Review

PMID: 16008513 [PubMed - indexed for MEDLINE]

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3: Curr Opin Cell Biol. 2004 Dec;16(6):681-7.


Wnt signaling and the regulation of stem cell function.

Kléber M, Sommer L.

Institute of Cell Biology, Department of Biology, Swiss Federal Institute of Technology, ETH Hönggerberg, CH-8093 Zurich, Switzerland. maurice.kleber@cell.biol.ethz.ch

Canonical Wnt signaling plays a crucial role in controlling cell expansion in many types of stem cells. Recent studies, however, demonstrated that Wnt is not only a general stem cell growth factor but can also influence cell lineage decisions in certain stem cell types by promoting specific fates at the expense of others. Thus, Wnt signaling elicits multiple functions in stem cells. Wnt activity appears to depend on cell-intrinsic properties that might change with time during development, thereby altering the cellular response to Wnt. Moreover, the spatial context of a stem cell also determines how the cell interprets Wnt signal activity, in that synergistic or antagonistic signaling pathways can modulate Wnt signaling. How a stem cell integrates Wnt and other signals and how such signaling networks regulate stem cell function on the molecular level remains to be elucidated.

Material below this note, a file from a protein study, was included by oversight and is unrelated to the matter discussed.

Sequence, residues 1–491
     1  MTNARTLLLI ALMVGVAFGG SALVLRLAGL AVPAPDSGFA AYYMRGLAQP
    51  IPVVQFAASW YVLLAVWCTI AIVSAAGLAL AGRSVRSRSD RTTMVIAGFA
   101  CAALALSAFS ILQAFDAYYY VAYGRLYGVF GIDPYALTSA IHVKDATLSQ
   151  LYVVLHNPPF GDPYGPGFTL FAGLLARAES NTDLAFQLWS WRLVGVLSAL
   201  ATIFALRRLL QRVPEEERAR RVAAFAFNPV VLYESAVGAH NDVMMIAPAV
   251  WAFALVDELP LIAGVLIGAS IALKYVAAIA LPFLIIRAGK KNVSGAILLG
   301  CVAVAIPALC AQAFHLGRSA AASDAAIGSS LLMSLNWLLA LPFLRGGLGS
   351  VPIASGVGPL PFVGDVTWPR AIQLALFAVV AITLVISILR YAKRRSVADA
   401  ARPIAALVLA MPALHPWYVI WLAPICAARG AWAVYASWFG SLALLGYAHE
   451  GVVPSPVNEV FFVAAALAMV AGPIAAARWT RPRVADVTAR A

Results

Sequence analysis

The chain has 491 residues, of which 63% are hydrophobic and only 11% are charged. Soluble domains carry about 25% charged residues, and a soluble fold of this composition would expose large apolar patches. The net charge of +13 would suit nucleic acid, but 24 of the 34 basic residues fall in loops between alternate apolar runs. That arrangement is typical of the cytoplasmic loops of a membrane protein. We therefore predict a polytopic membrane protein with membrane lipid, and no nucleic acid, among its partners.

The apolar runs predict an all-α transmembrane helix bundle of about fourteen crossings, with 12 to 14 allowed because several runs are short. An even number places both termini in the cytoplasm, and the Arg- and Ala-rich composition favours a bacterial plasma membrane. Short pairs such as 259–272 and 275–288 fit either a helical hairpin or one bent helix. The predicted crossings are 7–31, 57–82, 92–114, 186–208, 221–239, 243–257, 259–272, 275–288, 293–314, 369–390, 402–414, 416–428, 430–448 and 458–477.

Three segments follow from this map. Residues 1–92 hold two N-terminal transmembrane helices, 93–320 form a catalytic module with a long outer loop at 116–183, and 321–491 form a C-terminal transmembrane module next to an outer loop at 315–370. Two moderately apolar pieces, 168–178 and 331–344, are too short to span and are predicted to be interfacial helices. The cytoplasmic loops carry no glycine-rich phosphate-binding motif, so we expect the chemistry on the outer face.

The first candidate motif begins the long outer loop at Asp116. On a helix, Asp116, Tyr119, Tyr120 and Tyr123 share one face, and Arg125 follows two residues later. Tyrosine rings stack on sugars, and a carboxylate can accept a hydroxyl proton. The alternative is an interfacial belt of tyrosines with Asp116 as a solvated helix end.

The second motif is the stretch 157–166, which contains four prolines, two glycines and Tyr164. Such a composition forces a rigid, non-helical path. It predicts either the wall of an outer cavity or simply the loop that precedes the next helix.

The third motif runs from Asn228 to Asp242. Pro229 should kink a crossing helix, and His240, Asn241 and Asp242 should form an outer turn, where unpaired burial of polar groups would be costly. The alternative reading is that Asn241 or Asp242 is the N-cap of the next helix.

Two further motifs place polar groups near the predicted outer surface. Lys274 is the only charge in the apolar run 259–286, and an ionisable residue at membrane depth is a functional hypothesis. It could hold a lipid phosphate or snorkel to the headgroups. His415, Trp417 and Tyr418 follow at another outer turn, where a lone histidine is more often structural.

Publication Types:
Research Support, Non-U.S. Gov't
Review

PMID: 15530781 [PubMed - indexed for MEDLINE]

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4: Brain Res Brain Res Rev. 2000 Aug;33(1):1-12.


Wnt signaling function in Alzheimer's disease.

De Ferrari GV, Inestrosa NC.

Centro de Regulación Celular y Patología, Departamento de Biología Celular y Molecular, Facultad de Ciencias Biológicas, Pontificia Universidad Católica de Chile, Santiago, Chile.